My Favorite Single-Leg Exercises

Single Leg Squat on Box

Out of all the single leg squat variations, this is probably my favorite.  They require a ton of stability in your ankles and knees, and they are perfect for developing balance and coordination.  I use a standard 12″ plyo box, but a flat bench works fine too.  A good way to counter-balance yourself if necessary is to hold two very light (5 lbs or so) dumbbells or weight plates in front of you.

Really try to sit back and get good depth here, a little bit of forward lean is okay.  If you want to make them even harder, add load in the form of a weighted vest or racked kettlebell, or hold a pause at the bottom.  Your quads will hate you but you know what’s best for them more than they do!

 

Bulgarian Split Squat

Apparently we were doing these in America before the Bulgarians picked up on them, but I don’t really know nor do I really care because they’re simply an awesome strength developer.  Plus it sounds cooler and takes less time to call them this than “Rear Foot Elevated Split Squats” even though the latter is actually much more descriptive of what you’re supposed to do.

Bulgarian split squats are not a true unilateral movement because there will be at least some (although minimal) form of assistance from the elevated leg.  The assistance is almost negligible, however.  Here’s a demonstration:

There is a large variety of ways to load this exercise.  Personally, I think the bulgarian split squat is a movement that is safe to go pretty heavy with and therefore I like to use a barbell.  Placing the bar in the front position will make the exercise more difficult, and it’s fine to keep it on your back as long as your keep your spine vertical.  Dumbbells, kettlebells, or a weighted vest can all be used to load the movement too, but you’ll probably get the most bang for your buck with a barbell.

You’ll want to play around with different bench/box heights to find the most comfortable position here.  Resting your foot on a flat bench might be uncomfortable at first but I encourage you to stick with it.  In a perfect world every gym would have a split squat stand, but another way to setup is to wrap a bar pad around a smith machine bar.  Then you can place your foot and ankle on a round and padded surface which will be very comfortable.

We get a lot of the same benefits here that we do from single leg squats, but the big advantages to the bulgarian split squat in particular are 1) you can load it very heavily and 2) you get a nice little hip flexor stretch in the elevated leg.

 

Snatch Grip Single Leg RDL

So now we get to target the backside of the body with some good ole RDL’s.  As the name implies, there are two major differences from the standard Romanian or Straight Leg Deadlift:  they’re done on one leg and you take a much wider grip.

Check it out:

Performing this exercise unilaterally allows you to get a really deep stretch in your hamstring, and the snatch grip will hit your upper back and lats very hard.  Keep a soft bend in your knee throughout the lift, you don’t want it completely straight.  You’ll want the bar to stay close to your body, and push your heel through the floor during the concentric motion.  As always, maintain a flat back and do your best to control the movement.  If you try to move too fast you’ll lost your balance right away.

And also, put a lot less weight on the bar than you want before you give these a go.  This exercise is humbling and is much more about effectively loading the posterior chain rather than pulling big weights.  It’s not such a bad idea to use straps here either so your grip doesn’t give out too early.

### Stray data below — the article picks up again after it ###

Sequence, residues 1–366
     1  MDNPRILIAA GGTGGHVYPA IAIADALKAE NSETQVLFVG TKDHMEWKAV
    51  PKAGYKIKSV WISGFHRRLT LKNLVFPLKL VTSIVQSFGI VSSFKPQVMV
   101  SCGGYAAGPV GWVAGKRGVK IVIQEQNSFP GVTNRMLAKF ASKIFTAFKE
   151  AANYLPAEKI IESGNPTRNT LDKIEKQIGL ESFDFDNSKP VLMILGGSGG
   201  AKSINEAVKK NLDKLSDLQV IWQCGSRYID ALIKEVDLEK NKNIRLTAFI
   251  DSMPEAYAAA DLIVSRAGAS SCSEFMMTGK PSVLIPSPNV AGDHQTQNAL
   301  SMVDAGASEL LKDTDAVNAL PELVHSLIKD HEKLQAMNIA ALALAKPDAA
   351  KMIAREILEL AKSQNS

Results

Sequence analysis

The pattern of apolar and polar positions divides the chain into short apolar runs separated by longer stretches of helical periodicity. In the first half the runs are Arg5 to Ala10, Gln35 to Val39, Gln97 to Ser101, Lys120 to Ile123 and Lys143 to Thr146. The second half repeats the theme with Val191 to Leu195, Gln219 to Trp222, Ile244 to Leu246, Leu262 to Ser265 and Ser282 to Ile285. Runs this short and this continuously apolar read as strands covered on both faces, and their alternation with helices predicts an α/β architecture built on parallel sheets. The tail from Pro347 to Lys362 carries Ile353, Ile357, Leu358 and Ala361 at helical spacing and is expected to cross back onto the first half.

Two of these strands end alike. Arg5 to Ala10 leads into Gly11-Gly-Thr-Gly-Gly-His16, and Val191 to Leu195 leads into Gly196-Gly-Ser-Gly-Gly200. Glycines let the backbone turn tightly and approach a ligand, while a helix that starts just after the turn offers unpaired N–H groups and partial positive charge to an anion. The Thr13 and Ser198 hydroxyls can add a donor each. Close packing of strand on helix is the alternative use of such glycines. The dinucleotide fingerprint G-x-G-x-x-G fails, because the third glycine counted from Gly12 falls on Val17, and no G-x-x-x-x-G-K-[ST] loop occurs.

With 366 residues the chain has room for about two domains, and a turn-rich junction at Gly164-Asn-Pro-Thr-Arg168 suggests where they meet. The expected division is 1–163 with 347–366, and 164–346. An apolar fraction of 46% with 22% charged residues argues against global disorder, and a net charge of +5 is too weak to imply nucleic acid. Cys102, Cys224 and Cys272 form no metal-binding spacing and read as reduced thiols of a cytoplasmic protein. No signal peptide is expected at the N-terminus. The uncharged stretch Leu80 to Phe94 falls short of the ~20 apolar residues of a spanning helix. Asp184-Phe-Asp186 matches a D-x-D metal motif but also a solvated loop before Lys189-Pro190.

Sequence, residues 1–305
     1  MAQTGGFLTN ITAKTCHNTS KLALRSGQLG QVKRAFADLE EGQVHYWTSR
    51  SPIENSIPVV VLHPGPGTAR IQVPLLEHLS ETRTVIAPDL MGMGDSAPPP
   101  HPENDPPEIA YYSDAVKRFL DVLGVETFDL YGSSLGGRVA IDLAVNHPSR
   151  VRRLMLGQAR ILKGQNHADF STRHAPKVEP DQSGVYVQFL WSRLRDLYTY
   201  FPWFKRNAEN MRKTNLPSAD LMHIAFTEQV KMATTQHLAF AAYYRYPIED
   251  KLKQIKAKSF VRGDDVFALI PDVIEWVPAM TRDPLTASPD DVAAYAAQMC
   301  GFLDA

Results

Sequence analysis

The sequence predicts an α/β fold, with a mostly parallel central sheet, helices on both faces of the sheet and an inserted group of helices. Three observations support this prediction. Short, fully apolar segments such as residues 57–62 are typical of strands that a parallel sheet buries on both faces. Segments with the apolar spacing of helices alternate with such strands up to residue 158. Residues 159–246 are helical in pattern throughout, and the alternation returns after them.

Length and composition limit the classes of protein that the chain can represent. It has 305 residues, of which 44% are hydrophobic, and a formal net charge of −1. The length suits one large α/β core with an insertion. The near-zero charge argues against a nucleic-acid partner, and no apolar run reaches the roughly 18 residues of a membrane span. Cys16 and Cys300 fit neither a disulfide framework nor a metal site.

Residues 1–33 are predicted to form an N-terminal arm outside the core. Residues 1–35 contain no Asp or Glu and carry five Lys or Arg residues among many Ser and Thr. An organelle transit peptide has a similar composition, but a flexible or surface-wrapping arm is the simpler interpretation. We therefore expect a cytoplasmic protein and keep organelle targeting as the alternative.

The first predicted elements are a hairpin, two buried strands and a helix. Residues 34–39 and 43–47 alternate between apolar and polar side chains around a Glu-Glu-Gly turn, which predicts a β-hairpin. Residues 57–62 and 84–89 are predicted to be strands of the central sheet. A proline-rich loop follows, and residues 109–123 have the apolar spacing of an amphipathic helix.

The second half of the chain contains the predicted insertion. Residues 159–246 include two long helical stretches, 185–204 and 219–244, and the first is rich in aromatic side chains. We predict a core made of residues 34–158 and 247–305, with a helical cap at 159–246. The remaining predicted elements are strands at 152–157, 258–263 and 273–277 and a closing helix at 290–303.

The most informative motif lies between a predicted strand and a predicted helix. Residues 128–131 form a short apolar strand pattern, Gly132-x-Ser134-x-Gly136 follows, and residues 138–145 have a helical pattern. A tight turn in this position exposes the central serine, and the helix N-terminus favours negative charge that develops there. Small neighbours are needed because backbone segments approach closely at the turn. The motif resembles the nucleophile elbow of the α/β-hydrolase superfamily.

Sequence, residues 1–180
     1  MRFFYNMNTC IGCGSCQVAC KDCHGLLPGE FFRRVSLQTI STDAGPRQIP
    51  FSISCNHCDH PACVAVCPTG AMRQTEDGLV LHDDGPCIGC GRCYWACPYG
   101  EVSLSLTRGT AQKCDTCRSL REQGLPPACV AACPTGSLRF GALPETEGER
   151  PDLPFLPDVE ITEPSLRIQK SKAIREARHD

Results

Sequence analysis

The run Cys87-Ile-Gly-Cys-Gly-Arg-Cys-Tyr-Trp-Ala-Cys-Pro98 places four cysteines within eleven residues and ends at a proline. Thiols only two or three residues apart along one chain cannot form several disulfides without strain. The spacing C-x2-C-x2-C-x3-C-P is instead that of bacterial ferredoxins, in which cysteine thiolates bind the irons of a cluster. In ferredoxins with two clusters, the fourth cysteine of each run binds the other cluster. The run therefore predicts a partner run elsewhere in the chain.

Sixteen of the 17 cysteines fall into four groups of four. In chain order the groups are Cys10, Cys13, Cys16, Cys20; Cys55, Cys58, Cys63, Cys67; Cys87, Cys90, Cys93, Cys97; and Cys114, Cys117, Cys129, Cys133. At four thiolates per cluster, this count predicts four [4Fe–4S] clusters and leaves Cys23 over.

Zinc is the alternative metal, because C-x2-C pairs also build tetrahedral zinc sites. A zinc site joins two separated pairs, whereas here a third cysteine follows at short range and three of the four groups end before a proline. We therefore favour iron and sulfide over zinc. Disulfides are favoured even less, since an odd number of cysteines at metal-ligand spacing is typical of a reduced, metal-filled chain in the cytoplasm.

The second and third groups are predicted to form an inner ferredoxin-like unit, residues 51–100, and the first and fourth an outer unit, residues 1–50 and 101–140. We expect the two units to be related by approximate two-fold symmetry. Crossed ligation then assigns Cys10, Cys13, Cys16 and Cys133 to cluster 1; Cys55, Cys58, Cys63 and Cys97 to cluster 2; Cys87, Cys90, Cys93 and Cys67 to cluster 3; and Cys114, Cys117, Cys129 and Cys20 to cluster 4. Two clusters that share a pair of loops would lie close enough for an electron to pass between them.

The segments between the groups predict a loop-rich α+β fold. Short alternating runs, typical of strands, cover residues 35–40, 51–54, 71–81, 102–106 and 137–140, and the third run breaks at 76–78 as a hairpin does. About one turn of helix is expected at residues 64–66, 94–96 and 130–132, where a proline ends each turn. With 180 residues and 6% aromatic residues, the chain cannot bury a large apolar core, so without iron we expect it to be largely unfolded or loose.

Single Leg Single Dumbbell RDL

This one is very similar to the snatch grip single leg RDL, but it has a completely different feel to it.  Here, you’ll be using one heavy dumbbell and holding it in the hand opposite of the working leg.  This is what it looks like:

At first it’s going to be annoyingly difficult to stabilize during this movement.  Although things usually don’t work this way, the heavier you go here, the easier it will be to balance.  Just like the previous exercise, keep a soft bend in the knee and keep the dumbbell close to your body while pushing your heel through the floor.

Both of the RDL variations I’ve mentioned force you to control and stabilize in all three planes of movement.  As you flex and extend the hip joint, you’re working in the sagittal plane.  As you center the load over your foot to maintain stability, you’re working in the frontal plane.  And as your hips internally and externally rotate during the movement, you’re working in the transverse plane.  Brilliant!

 

Honorable Mentions

I’ve got a few more goodies that didn’t make the list that I think are worthy of some attention.

  • Walking Lunges – I would have put these in the list if it wasn’t for the fact that they are done while walking.  I think they’re great because you have to decelerate yourself as your body moves forward and then immediately propel yourself into the next lunge.  The only drawback is that they require a lot of space, and I know most folks in commercial gyms aren’t going to have a good free area where they can walk with a barbell on their back.  But if you can find a way to do them, I strongly encourage it!
  • Single Leg Back Extensions – Brutal on the hamstrings, easy on the spine.  Avoid hyperextending your lumbar spine at the top, you want to focus on moving at your hips rather than your low back.
  • Single Leg Hip Thrust – Awesome move primarily for the glutes.  Once again, don’t allow your lumbar spine into hyperextension.  Move your hipsnot your back.

Summary

Single leg training can make your workouts a lot more effective and a lot more interesting.  Try implementing some of these exercises into your sessions and you’re bound to see some drastic improvements.  Have fun!

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